Opera windows were part of the styling trend known as the Formal Look, also marked by radiator-shaped grilles, upright hood ornaments, full cut-out wheel openings, landau roofs and bustle-back, boat-tailed or spare tire-shaped rear ends. (Virgil Exner, Chrysler’s legendary stylist and a proponent of functional classic design, might have felt vindicated had he not died three years earlier.)

Though not as blatantly radiator-like as that of the Cordoba parked next to it in the showroom, the Volaré fine-mesh grille was not much wider than the radiator. Square parking lights, cross-hatched to look like driving lights, filled the remainder of the grille cavity between the headlights. Out back were simple rectangular taillights integrated with cast-like moldings on Premier and Custom models.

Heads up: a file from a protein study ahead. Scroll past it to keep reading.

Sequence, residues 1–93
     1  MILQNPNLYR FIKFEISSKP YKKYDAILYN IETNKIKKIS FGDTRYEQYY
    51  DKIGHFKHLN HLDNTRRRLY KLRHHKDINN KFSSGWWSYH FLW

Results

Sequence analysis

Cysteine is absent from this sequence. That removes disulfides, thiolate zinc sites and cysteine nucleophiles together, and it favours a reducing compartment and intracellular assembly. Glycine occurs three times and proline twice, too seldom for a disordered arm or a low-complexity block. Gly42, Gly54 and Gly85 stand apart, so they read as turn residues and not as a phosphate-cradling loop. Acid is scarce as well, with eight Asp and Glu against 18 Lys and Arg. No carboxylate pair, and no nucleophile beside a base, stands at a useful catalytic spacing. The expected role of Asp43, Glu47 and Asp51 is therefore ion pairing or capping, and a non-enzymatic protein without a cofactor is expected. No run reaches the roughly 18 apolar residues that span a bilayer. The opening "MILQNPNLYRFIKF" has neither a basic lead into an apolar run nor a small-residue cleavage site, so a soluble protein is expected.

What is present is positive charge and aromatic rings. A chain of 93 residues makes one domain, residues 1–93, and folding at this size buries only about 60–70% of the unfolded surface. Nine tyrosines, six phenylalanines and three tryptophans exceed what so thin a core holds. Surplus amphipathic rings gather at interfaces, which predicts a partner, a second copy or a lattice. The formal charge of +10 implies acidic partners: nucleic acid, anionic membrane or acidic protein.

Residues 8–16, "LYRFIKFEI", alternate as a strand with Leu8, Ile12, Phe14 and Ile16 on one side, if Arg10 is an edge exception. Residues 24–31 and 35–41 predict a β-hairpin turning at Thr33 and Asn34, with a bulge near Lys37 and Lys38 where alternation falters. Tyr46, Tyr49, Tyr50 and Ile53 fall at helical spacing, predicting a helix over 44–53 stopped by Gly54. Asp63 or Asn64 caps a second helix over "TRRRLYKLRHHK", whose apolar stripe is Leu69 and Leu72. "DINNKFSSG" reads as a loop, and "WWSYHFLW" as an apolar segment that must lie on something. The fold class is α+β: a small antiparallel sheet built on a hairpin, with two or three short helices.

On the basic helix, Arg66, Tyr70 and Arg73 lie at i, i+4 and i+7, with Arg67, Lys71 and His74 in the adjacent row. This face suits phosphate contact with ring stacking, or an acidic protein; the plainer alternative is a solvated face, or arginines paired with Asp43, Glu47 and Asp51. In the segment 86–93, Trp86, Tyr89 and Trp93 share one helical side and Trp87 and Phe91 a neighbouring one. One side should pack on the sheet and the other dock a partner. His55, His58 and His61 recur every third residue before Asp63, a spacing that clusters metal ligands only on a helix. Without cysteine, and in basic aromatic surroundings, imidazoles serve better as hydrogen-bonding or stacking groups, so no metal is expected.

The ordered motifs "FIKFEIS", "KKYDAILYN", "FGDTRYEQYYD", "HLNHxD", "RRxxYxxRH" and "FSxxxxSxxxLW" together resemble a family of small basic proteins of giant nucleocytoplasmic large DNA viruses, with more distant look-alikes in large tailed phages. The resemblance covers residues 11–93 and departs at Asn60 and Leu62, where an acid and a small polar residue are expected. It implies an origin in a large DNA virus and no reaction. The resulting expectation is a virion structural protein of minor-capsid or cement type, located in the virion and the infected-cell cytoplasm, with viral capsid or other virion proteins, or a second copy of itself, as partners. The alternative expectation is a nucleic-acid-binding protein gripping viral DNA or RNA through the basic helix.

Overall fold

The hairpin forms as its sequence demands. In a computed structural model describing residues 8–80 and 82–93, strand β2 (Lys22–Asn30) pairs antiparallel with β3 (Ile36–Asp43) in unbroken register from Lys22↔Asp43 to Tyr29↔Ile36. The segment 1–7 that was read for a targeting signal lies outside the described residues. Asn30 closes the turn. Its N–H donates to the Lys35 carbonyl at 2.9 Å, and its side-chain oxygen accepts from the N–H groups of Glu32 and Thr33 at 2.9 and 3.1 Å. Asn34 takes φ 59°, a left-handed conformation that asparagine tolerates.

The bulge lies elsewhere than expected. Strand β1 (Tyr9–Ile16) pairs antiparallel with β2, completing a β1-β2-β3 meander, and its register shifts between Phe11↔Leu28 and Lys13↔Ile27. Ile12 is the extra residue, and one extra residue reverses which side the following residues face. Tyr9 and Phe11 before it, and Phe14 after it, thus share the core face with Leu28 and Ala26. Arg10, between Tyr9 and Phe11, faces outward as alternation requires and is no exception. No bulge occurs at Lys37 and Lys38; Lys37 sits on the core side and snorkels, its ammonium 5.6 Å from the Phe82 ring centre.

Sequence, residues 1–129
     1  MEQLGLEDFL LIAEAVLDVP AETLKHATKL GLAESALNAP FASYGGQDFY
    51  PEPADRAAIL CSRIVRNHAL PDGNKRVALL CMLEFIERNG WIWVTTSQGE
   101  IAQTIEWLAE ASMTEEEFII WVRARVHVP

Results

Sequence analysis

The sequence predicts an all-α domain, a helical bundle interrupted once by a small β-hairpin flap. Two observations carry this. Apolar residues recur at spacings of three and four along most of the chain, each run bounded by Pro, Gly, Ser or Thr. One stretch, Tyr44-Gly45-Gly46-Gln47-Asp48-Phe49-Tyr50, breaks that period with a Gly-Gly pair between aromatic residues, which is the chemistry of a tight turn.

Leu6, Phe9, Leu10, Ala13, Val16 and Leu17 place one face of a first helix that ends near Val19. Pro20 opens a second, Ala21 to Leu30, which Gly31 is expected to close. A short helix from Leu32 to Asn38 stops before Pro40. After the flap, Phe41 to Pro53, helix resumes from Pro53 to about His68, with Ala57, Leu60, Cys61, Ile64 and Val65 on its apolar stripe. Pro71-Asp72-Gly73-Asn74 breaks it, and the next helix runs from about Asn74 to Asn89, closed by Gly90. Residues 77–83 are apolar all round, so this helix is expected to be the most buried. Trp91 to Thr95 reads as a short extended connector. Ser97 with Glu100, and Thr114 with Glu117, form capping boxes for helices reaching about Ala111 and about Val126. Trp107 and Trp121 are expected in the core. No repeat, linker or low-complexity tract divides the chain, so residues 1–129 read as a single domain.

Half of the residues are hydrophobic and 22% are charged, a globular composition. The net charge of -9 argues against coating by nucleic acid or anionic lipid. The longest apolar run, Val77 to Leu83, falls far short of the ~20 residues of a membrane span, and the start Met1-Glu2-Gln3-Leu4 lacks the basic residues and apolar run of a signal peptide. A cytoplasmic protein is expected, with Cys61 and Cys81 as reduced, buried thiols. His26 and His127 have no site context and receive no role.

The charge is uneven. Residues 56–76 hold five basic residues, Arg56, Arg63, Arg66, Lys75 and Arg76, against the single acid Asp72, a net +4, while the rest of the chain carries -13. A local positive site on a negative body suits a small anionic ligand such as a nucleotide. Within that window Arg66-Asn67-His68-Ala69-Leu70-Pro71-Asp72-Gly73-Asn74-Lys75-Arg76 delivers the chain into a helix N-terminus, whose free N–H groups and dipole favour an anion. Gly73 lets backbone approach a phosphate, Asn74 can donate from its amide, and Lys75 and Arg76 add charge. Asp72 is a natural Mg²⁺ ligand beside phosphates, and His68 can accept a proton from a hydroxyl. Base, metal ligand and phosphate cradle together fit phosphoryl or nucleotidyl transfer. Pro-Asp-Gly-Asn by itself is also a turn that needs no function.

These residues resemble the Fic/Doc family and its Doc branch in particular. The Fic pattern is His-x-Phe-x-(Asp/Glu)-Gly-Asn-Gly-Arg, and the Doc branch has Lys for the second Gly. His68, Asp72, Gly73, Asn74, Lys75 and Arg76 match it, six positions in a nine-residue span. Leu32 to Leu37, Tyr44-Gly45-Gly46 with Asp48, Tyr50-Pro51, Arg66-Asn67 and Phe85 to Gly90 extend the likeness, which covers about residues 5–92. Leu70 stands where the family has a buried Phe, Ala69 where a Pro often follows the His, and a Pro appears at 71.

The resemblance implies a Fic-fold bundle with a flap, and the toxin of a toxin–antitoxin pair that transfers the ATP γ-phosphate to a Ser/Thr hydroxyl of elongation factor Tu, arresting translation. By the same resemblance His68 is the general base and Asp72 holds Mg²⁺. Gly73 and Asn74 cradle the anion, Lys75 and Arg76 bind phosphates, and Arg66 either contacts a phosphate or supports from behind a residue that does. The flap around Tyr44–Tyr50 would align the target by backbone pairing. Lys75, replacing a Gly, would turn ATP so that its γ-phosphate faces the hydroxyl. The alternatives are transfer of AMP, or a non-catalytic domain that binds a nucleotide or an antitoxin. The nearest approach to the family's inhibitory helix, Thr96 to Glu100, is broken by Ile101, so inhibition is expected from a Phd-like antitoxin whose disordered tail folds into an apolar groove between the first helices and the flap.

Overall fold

The top line Premier was designed to compete head-to-head with the Ford Granada. The Premier coupe featured a vinyl landau top with opera windows, a standup hood ornament mounted on a hood center molding, special pinstriping and wide, color-keyed, vinyl-filled bodyside moldings. Inside was a choice of standard 60/40 split bench or optional bucket seats for “a European-style seating position that gives you a heightened sense of space and visibility.”